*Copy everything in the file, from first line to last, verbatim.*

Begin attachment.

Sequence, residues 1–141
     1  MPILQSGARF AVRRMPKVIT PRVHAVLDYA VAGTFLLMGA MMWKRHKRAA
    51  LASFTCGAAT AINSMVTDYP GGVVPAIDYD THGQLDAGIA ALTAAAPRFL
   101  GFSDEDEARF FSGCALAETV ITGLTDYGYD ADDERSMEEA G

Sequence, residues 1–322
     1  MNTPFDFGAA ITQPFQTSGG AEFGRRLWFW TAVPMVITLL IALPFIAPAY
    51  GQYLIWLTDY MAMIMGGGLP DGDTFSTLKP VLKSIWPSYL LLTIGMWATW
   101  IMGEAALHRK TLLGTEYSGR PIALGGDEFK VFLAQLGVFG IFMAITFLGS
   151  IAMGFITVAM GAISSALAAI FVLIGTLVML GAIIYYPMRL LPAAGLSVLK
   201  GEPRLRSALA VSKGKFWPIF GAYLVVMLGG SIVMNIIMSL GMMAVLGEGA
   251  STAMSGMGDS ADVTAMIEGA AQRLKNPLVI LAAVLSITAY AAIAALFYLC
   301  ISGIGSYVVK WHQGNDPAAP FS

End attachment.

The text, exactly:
Sequence, residues 1–141
     1  MPILQSGARF AVRRMPKVIT PRVHAVLDYA VAGTFLLMGA MMWKRHKRAA
    51  LASFTCGAAT AINSMVTDYP GGVVPAIDYD THGQLDAGIA ALTAAAPRFL
   101  GFSDEDEARF FSGCALAETV ITGLTDYGYD ADDERSMEEA G

Sequence, residues 1–322
     1  MNTPFDFGAA ITQPFQTSGG AEFGRRLWFW TAVPMVITLL IALPFIAPAY
    51  GQYLIWLTDY MAMIMGGGLP DGDTFSTLKP VLKSIWPSYL LLTIGMWATW
   101  IMGEAALHRK TLLGTEYSGR PIALGGDEFK VFLAQLGVFG IFMAITFLGS
   151  IAMGFITVAM GAISSALAAI FVLIGTLVML GAIIYYPMRL LPAAGLSVLK
   201  GEPRLRSALA VSKGKFWPIF GAYLVVMLGG SIVMNIIMSL GMMAVLGEGA
   251  STAMSGMGDS ADVTAMIEGA AQRLKNPLVI LAAVLSITAY AAIAALFYLC
   301  ISGIGSYVVK WHQGNDPAAP FS